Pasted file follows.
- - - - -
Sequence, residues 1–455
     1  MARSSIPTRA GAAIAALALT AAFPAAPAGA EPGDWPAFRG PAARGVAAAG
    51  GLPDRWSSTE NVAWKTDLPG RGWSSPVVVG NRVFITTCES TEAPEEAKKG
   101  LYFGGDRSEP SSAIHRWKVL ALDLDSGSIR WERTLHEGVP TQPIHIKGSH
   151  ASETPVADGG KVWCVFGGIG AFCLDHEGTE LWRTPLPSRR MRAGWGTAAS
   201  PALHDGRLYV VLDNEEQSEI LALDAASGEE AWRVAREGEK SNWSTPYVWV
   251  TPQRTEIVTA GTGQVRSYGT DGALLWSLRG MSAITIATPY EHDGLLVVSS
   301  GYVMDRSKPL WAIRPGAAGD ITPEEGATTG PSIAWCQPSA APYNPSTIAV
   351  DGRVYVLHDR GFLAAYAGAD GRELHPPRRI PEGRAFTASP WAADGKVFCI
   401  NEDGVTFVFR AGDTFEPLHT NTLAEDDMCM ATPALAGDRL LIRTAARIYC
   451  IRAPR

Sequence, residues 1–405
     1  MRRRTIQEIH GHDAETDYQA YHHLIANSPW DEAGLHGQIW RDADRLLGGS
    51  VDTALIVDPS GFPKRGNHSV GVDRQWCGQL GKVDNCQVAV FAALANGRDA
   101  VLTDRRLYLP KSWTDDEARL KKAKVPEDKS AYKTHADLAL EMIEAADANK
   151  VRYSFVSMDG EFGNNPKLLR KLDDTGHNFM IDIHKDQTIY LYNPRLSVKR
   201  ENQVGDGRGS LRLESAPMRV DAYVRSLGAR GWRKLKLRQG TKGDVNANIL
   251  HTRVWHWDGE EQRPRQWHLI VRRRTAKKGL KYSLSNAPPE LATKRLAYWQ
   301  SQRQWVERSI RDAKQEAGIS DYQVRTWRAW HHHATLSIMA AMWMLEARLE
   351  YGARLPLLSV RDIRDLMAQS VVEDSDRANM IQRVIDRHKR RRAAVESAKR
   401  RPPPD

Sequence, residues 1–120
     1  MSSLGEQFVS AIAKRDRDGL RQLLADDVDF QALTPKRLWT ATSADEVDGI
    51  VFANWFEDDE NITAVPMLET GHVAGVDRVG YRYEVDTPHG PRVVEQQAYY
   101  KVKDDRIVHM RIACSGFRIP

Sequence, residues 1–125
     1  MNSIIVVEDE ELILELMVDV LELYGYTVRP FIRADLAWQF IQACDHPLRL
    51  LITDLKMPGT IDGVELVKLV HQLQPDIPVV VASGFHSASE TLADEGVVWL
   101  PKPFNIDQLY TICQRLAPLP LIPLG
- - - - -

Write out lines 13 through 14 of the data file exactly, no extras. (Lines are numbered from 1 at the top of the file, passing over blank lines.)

     1  MRRRTIQEIH GHDAETDYQA YHHLIANSPW DEAGLHGQIW RDADRLLGGS
    51  VDTALIVDPS GFPKRGNHSV GVDRQWCGQL GKVDNCQVAV FAALANGRDA